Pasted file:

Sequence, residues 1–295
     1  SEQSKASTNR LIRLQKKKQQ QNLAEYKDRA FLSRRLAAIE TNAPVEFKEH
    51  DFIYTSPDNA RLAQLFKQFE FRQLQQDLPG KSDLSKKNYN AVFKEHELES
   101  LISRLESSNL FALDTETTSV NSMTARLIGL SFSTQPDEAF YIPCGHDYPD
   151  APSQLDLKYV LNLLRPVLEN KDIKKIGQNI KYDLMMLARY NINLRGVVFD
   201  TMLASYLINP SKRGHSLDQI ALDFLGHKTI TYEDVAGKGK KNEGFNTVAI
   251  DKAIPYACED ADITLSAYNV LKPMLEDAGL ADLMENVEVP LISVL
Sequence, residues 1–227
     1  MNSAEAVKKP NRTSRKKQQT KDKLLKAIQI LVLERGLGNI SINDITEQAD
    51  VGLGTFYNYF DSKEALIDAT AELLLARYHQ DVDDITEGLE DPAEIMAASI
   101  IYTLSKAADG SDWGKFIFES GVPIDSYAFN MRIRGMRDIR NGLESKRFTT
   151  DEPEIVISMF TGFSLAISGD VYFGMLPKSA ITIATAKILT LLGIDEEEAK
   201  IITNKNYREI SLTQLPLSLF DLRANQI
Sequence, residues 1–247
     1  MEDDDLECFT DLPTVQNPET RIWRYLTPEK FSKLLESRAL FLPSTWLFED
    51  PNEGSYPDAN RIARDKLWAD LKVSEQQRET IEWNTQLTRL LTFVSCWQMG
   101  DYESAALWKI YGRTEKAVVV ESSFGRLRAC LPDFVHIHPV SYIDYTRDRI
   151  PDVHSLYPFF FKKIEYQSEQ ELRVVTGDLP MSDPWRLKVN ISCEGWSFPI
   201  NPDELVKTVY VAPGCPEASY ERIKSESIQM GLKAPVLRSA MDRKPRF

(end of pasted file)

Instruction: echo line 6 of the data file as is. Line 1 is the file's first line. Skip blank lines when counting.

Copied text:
   201  TMLASYLINP SKRGHSLDQI ALDFLGHKTI TYEDVAGKGK KNEGFNTVAI